In these times of greater equality, social media and ongoing debate around gender, even a cute and lighthearted game such as The Legend of Zelda: Tri Force Heroes isn't exempt from scrutiny. That's fair enough, in this writer's view - when avatars and customisation are part of a title, it's a valid topic.
Of course, Tri Force Heroes does focus on identical Link avatars running around, with the customisation coming in the form of outfits. When one of those outfits is a Zelda dress, however, the scratching of heads at the absence of a generic female Link hero as an option is perhaps understandable.
The game's director, Hiromasa Shikata, was quizzed on the absence of a female avatar by IGN, offering this initial response.
I'm going to tell you a little bit about the story quickly and we'll circle around, here. There's this kingdom, an event happens, and the king needs heroes. So, he puts out a call for heroes to gather and one of those is this guy Link. He sees this audition, basically, 'Heroes needed; apply here.' And, that's the start of his adventure.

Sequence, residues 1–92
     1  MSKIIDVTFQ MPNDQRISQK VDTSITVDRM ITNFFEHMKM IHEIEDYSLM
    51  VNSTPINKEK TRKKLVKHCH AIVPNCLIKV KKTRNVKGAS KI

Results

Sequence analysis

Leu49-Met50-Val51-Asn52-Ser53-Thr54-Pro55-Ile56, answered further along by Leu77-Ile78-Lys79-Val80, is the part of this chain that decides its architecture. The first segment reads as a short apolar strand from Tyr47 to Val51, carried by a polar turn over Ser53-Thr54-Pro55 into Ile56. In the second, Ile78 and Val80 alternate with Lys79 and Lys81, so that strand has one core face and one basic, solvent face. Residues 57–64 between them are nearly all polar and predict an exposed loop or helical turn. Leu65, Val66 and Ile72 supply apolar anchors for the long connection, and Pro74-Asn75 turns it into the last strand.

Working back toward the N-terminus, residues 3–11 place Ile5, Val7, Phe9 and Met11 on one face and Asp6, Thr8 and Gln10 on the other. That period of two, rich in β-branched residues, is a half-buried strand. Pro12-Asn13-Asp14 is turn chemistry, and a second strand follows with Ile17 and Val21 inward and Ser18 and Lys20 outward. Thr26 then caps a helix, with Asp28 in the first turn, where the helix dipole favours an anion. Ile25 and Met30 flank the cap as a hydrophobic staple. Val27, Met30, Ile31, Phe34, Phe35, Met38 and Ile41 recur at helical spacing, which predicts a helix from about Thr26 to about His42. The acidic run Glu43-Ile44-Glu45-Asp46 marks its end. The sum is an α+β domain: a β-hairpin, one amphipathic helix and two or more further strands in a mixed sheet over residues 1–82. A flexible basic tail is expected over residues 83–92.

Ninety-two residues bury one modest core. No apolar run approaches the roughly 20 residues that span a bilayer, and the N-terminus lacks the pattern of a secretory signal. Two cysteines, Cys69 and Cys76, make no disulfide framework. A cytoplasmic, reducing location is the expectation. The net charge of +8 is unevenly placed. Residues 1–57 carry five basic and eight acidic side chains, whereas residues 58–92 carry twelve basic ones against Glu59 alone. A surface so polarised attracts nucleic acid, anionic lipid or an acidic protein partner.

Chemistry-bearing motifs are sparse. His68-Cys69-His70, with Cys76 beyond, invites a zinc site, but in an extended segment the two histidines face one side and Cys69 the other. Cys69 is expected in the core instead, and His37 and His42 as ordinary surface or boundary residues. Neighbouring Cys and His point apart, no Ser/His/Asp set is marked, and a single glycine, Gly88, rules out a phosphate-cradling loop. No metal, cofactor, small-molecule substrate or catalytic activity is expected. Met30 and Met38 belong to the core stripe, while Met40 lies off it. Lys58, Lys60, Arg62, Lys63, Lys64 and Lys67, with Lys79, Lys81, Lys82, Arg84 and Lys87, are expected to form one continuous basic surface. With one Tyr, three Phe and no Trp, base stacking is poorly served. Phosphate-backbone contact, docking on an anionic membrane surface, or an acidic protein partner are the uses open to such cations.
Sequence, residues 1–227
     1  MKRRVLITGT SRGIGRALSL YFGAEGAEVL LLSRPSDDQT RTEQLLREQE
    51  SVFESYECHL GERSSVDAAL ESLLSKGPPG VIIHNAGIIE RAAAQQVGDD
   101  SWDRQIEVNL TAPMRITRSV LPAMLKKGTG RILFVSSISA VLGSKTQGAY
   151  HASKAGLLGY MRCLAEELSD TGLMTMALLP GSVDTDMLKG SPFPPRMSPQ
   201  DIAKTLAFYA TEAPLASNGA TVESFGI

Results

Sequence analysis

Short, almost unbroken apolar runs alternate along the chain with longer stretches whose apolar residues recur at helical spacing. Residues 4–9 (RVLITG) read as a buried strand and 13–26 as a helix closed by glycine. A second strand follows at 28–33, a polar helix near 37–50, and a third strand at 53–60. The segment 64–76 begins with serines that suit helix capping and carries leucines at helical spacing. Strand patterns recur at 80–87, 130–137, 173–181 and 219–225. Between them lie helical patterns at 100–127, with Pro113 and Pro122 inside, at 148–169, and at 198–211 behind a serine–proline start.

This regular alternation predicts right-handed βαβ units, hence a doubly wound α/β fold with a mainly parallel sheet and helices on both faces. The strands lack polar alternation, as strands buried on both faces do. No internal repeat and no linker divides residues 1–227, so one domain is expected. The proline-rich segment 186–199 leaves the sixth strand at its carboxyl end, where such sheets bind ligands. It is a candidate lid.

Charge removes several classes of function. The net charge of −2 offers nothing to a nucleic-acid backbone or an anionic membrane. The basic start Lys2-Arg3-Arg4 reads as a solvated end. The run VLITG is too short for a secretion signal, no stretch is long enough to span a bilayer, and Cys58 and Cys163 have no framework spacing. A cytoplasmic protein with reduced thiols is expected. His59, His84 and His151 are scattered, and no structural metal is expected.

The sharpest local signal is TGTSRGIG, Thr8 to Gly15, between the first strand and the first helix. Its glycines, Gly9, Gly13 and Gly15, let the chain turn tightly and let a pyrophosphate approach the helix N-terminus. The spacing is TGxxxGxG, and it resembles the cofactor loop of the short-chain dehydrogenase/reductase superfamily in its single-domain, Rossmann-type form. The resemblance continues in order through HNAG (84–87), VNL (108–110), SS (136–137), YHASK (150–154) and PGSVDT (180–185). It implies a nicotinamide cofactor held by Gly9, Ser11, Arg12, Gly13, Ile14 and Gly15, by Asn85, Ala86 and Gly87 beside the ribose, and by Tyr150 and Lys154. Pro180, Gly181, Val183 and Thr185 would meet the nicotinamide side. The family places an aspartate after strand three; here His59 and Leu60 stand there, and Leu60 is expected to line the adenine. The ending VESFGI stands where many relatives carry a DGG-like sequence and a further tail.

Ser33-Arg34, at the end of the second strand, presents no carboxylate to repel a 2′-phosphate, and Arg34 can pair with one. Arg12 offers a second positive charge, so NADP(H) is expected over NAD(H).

The story calls for this sort of legend/prophecy where heroes will come together to help solve a problem. And in that, they are male characters. So, because the game is set with that as the story background, you cannot choose a gender; you are a male character.
Not a great answer, by any means, and the follow-up response was then given when this was challenged.
Understood. I understand what you're saying, and just as general information, we do have a lot of female staff members who are playing this game and enjoying it. It doesn't seem to be a big issue to them. They still are getting emotional investment in this game. And to be honest, Link isn't the most masculine of guys in the world, depending on how you want to project yourself into the character.
Tri Force Heroes is a tricky one, perhaps. In the series to date Link has been a male, yet with the avatar approach in this non-canon game it would have done no harm to have a female equivalent.
Nintendo has shown improving approaches to inclusion in recent times, so perhaps this one should be filed as a relatively minor missed opportunity.
Let us know what you think. Is this something Nintendo should resolve, or is it a fuss over very little?